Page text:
‘Life-changing’: Program inspiring Indigenous girls
NEW Ipswich State High School captain Tahlia Marshall is determined to carve a path for other Indigenous students to follow.
She is one of six Indigenous girls appointed to a leadership role in 2021, which is a record number for the Brassall school of more than 2000 students.
Tahlia has been part of the Beyond the Broncos Girls Academy for five years, which now has more than 1700 Indigenous girls from across the state and northern New South Wales enrolled.
The program aims to improve school attendance, increase confidence, foster leadership and create career pathways after school.
Tahlia, who is also a talented rugby league and touch football player, said the academy had helped her make great strides.
She plans to study education at university.
"I am so thrilled to be elected school captain at my school and want to be a role model for other girls in the academy, showing them what is possible," she said.
"The girls academy gave me the confidence to apply for school captain.
"I have been able to build up my confidence, connect with my culture and step out of my comfort zone to lead my school.
"To be one of six Indigenous leaders at the school is a real honour.
"I want to show other Indigenous girls that they can achieve anything they put their mind to."
Her fellow Indigenous school leaders include Phoebe Conlon (Indigenous Captain), Rose Munt (Rivers Sports Captain), Shaieisha Towler (Sullivan Sports Captain), Gillian McInnes (Visual Arts Captain) and Maliyan Thompson (2021 Student Wellbeing Captain).
The school was visited by a pair of the the program's ambassadors on Wednesday; homegrown rugby league legend Ali Brigginshaw and netball star Beryl Friday.
Staff are based in each participating school to provide daily mentoring with more than 70 girls enrolled at Ipswich State High School.
Ambassadors, a list of which also includes Justin Hodges and Scott Prince, visit each participating school every term.
Former Bremer State High School student Ms Brigginshaw has been involved in the program for three years.
"When I started playing for the club the one I really wanted to do was work for the club and they gave me the opportunity in the community program and I've loved it ever since," she said.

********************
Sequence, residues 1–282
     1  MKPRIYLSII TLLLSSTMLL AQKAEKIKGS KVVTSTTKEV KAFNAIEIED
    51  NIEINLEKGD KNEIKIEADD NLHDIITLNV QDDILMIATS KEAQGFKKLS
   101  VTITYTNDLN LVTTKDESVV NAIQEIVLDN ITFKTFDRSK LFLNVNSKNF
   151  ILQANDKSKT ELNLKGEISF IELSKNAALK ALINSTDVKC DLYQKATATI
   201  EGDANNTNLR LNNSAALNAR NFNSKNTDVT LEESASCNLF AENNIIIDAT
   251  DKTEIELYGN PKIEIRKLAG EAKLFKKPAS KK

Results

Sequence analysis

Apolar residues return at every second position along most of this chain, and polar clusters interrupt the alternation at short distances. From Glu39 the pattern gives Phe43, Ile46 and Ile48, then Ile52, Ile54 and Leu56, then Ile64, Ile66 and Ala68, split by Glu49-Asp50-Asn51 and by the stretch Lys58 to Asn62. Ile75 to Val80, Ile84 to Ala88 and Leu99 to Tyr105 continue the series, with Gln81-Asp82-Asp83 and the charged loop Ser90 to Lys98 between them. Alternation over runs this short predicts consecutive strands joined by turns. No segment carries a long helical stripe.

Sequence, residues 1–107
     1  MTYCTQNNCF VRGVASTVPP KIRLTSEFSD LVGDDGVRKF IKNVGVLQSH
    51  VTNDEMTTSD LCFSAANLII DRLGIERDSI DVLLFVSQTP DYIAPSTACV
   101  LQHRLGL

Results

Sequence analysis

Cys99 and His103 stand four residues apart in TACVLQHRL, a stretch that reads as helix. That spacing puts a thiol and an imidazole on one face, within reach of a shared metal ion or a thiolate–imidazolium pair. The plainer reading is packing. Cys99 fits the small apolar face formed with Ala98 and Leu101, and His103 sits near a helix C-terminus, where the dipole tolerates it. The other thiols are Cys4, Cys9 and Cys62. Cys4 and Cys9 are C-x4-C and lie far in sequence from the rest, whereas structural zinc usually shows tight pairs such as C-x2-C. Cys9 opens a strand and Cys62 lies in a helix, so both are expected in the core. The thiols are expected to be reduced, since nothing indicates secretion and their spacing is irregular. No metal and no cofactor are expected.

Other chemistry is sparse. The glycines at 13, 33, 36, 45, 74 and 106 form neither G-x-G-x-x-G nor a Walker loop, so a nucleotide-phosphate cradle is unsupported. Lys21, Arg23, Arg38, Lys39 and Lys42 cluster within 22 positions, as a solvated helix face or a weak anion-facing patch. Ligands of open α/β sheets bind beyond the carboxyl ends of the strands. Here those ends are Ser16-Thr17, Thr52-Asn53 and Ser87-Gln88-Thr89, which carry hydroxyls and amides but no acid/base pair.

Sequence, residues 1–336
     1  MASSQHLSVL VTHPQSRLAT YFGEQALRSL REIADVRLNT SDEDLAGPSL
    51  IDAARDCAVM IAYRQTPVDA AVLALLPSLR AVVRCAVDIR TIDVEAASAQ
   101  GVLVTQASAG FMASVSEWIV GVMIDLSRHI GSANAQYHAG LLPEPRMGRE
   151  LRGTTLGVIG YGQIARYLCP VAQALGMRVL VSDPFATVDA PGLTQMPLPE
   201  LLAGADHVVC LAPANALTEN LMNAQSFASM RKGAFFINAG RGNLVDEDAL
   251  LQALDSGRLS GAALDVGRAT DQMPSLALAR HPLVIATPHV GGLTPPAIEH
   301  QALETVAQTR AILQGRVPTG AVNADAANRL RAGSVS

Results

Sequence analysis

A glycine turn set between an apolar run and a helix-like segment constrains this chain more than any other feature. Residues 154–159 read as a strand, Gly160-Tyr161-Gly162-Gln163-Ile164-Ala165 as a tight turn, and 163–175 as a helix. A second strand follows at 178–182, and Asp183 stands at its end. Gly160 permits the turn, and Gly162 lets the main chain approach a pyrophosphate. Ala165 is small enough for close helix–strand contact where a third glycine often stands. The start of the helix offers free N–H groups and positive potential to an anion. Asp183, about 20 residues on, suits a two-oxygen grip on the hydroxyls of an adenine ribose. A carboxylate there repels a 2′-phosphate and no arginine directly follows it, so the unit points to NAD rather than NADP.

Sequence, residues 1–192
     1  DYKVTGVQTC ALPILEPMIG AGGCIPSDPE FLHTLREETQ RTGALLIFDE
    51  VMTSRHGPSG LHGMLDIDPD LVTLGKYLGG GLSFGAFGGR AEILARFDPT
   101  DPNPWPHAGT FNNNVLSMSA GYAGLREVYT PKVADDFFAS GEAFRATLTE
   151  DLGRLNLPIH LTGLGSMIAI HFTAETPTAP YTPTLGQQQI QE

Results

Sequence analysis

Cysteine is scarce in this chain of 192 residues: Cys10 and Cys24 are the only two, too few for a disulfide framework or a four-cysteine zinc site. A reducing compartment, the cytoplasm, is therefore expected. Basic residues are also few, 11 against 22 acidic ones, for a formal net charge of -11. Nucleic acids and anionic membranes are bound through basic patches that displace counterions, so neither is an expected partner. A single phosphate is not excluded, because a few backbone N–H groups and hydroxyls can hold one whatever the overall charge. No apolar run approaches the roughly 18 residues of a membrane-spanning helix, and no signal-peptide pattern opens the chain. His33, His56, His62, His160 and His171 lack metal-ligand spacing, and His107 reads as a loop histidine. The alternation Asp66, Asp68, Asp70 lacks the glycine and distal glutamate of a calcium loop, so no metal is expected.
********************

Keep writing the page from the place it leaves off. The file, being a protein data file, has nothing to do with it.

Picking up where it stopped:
"I just love working with the girls and we want them to come to school and enjoy it and know school is the right place for them and not think the easy way out is just to drop out.
"One thing I did when I was younger was I took school for granted. I was there to play sport and probably didn't do the school work.
"I really like to get that understanding and that relationship between the teachers and the students.
"I turned my back on a few teachers and that was probably down to immaturity.
"I'm trying to show these girls their teachers are here to help us and they're not here to make our days painful.
"To have a female Indigenous school captain is something we're so proud of."
Ms Friday, who is studying education, said it was incredibly rewarding to be involved with the academy.
"I think it's all about empowering Aboriginal and Torres Strait Islander girls at school and helping them get the most out of their education," she said.
"We're trying to empower these girls so they can make better decisions.
"It's pretty life-changing.
"We want to leave them with things to do in their day to day lives to make changes so they can become the best versions of themselves."
The program is supported by the Federal Government, State Government and major community partner NRMA Insurance.
Read more stories by Lachlan McIvor here.